Sarah Kugel is the Community Outreach Coordinator at Wildlands Trust. She is serving her second term as an AmeriCorps volunteer.
Since I started my AmeriCorps-MassLIFT term of service, I have been waiting for this day. When I started, I was assigned with the task of starting a new community garden. I decided to start the garden at the Plymouth Area Coalition for the Homeless in Kingston, Massachusetts. In years past, Duxbury High School students had grown a few rows of vegetables outside the Wildlands Trust office in the Philbrick Community Garden and donated them to the shelter. The shelter runs a food bank which receives many donations, but rarely fresh produce.
I presented my plan to start a garden on the coalition’s property with the directors of the shelter and they were on-board and excited about the plan. I then spent the winter months planning, fundraising, and recruiting volunteers. I grew up always having a garden and some vegetables in my backyard, but this was the first time I’d be starting a garden on my own, let alone a 1,100 sq. ft. garden. I talked to many local garden centers, farmers, and backyard gardeners in preparation for my project.
In the early spring, I broke ground with a group of student volunteers from Lesley University and since then I’ve been working with volunteers, young and old, from local communities. We have tilled, spread manure, raised seedlings, dug a rain garden, installed fencing, built rain barrels, watered, cared for our plants... and today we harvested lettuce, mint, and basil with the help of four young kids staying at the shelter. The kids could not wait to make, “salad or a lettuce sandwich for lunch!”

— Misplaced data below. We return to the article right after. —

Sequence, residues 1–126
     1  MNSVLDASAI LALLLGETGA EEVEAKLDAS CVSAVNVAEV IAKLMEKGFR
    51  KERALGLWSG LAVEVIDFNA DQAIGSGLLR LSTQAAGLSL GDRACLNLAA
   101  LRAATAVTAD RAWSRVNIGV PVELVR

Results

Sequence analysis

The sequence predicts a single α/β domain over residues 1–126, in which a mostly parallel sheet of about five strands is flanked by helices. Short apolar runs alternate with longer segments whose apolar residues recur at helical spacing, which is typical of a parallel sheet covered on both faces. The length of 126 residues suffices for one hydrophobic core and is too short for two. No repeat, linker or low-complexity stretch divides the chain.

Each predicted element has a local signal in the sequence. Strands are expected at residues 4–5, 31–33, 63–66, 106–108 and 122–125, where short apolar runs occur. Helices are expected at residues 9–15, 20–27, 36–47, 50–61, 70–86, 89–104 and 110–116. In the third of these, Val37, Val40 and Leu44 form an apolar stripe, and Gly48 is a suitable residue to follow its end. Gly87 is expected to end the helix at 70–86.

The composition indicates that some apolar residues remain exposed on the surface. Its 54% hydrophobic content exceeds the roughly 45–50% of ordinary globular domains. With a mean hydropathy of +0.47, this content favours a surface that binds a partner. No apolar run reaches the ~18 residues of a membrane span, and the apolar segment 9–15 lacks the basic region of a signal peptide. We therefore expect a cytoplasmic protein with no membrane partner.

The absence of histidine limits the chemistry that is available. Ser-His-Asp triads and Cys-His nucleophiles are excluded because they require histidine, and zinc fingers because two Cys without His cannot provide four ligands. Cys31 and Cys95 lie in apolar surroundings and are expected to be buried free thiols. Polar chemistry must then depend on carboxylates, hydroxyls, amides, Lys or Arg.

One volunteer also brought a large aloe plant with her that needed separating and transplanting. The four kids helped us with this task. First we taught them about the aloe plant and they each had a chance to feel the goo from inside the plant. We also showed them bottled aloe from the store and told them they could just break a piece off their plants instead or if they didn’t have any from the store. Then we all decorated our pots, placing rocks in the bottom to help with drainage and surrounding the roots with special cactus soil. The kids were all proud of their work and excited to bring them inside to show their parents.
On our way into the shelter I found a little toad and was able to catch it. Each of the children took a turn holding it, squirming with excitement. It really could not have been a more perfect day. As I was leaving, one young girl asked me, “Will you be back tomorrow?” I said no since tomorrow would be Saturday, but asked her if she would be around next week. She said, “Probably!”